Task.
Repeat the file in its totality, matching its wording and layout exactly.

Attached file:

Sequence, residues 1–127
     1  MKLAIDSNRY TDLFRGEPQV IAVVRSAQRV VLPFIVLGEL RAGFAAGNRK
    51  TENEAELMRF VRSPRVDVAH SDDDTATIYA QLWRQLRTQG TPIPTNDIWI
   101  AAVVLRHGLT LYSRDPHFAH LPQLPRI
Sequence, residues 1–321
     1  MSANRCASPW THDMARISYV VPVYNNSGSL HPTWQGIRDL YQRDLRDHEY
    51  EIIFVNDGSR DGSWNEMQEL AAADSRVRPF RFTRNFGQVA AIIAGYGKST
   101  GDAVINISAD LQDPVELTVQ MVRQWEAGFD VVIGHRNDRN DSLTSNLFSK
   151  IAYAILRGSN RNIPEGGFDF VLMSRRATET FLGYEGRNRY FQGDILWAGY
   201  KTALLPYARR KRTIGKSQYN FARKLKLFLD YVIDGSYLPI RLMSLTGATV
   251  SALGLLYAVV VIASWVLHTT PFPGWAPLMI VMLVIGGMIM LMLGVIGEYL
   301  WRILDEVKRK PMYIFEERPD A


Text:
Sequence, residues 1–127
     1  MKLAIDSNRY TDLFRGEPQV IAVVRSAQRV VLPFIVLGEL RAGFAAGNRK
    51  TENEAELMRF VRSPRVDVAH SDDDTATIYA QLWRQLRTQG TPIPTNDIWI
   101  AAVVLRHGLT LYSRDPHFAH LPQLPRI
Sequence, residues 1–321
     1  MSANRCASPW THDMARISYV VPVYNNSGSL HPTWQGIRDL YQRDLRDHEY
    51  EIIFVNDGSR DGSWNEMQEL AAADSRVRPF RFTRNFGQVA AIIAGYGKST
   101  GDAVINISAD LQDPVELTVQ MVRQWEAGFD VVIGHRNDRN DSLTSNLFSK
   151  IAYAILRGSN RNIPEGGFDF VLMSRRATET FLGYEGRNRY FQGDILWAGY
   201  KTALLPYARR KRTIGKSQYN FARKLKLFLD YVIDGSYLPI RLMSLTGATV
   251  SALGLLYAVV VIASWVLHTT PFPGWAPLMI VMLVIGGMIM LMLGVIGEYL
   301  WRILDEVKRK PMYIFEERPD A